Would you spend 50 years looking for your missing dog?
This is the story of one man’s endless search for his canine companion, fueled by a hopeless inability to perceive time.
Our story begins in New York on September 3, 1971. Pimps and prostitutes infiltrated Times Square and Central Park was flooded with rapes and muggings. New York City entered a huge fiscal crisis but Saturday morning cartoons were totally groovy.
In Midtown Manhattan, local hippie Bucky Dankworth and his beloved beagle, Lester, strolled past The Empire State Building on their way to see Led Zeppelin live at Madison Square Garden. Back then, concerts had no rules and pets frequently joined the crowd. Lester was just one of three thousand dogs in attendance that night, along with cats, rabbits, ferrets, chinchillas and horses. Neither Bucky nor his hippie friends believed in political correctness, mostly because it hadn’t been invented yet.
On that fateful autumn day, Bucky and Lester sat front and center in a sold out crowd of 20,000 men, women, and animals. The pair danced, hand in paw, to an epic nine-hour set featuring psychedelic guitar riffs, rumbling drum beats, booming bass lines, and the unmatched cries of Robert Plant.
During a mellow acoustic performance of “Going to California”, Lester excused himself to pee on the communal dog tree in front of the arena. While sniffing out the perfect spot, Lester picked up the haunting aroma of a hot dog cart and sprinted east, following his nose to delicious frankfurters.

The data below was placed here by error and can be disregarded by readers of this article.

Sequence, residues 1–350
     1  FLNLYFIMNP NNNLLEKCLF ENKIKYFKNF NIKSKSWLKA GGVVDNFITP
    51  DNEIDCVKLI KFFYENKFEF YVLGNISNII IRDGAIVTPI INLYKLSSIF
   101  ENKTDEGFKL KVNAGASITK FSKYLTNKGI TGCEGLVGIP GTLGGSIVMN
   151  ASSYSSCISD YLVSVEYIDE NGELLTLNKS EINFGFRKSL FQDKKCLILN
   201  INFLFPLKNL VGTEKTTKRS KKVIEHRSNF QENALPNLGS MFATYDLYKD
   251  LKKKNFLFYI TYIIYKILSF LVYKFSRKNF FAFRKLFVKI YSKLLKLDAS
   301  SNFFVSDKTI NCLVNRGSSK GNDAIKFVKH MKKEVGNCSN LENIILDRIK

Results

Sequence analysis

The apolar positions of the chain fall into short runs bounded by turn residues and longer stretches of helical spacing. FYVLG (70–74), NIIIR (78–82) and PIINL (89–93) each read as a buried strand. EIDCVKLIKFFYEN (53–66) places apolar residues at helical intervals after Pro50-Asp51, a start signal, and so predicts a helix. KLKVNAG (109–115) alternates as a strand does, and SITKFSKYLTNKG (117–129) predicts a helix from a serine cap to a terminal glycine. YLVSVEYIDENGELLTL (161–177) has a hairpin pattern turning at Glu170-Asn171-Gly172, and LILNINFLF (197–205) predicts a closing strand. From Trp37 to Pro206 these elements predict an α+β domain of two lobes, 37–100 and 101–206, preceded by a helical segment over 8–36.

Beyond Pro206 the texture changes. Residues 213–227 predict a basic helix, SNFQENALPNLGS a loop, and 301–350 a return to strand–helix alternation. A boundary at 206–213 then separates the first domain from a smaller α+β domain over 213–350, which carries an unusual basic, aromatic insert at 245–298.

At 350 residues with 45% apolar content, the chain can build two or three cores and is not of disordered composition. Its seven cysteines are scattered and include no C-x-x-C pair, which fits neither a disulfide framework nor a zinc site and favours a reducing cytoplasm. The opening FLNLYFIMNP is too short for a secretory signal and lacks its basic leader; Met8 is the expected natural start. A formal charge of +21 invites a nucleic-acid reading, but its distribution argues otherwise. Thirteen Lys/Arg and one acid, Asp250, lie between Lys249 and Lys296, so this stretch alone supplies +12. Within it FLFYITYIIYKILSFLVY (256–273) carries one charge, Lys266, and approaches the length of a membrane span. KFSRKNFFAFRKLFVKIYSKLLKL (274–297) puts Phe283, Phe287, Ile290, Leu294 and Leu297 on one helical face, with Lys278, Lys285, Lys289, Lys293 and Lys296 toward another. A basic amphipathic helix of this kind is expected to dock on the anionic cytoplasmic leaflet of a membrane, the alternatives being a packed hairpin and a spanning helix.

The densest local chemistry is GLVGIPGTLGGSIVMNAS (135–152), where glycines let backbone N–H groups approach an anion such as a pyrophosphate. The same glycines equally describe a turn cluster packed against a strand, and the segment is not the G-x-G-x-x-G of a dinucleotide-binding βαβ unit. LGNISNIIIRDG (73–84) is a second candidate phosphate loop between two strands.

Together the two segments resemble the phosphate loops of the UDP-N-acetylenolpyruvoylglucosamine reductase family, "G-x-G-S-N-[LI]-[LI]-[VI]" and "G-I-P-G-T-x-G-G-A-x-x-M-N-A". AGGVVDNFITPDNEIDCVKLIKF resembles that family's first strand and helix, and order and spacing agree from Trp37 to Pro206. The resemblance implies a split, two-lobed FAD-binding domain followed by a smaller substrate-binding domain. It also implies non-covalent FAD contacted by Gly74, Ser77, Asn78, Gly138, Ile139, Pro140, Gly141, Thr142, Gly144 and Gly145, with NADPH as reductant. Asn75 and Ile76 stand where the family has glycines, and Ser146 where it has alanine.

Back inside, Dankworth began to worry. You see, he suffers from dyschronometria, a neurological condition that prohibits him from accurately estimating the amount of time that has passed. He was diagnosed some time between birth and now.
Dankworth ran outside in a panic, his beloved Lester nowhere in sight. He desperately called out for his dog, again and again, but little Lester never returned. Tears streamed down his cheeks as he frantically imagined all the possible scenarios. Maybe Lester just went for coffee, he thought.
Fifty years later, Bucky still searches for Lester on a daily basis.
Sources close to Dankworth say the retired gorilla tamer has spent the last 50 years building high-tech canine tracking equipment in his handmade bunker/wine cellar, setting him back about $7 million.
“Last time I saw Lester, we were jamming to Led Zeppelin at Madison Square Garden,” said Dankworth, now 82 and wreaking of ammonia and stale beer. “He’s got to be around here somewhere.”
Dankworth’s pessimistic son, Billy, expressed no faith in his father whatsoever.
“I was 2 years old when we got Lester,” said Billy. “I’m 52 now and there’s no way in Hell that dog is still alive. My dad needs to stop throwing away my damn inheritance on stupid science experiments.”
Despite criticism, Bucky says he’ll never stop searching for his best friend.
“Honestly, it’s just a matter of time,” said Dankworth. “Too bad I have no idea what that is.”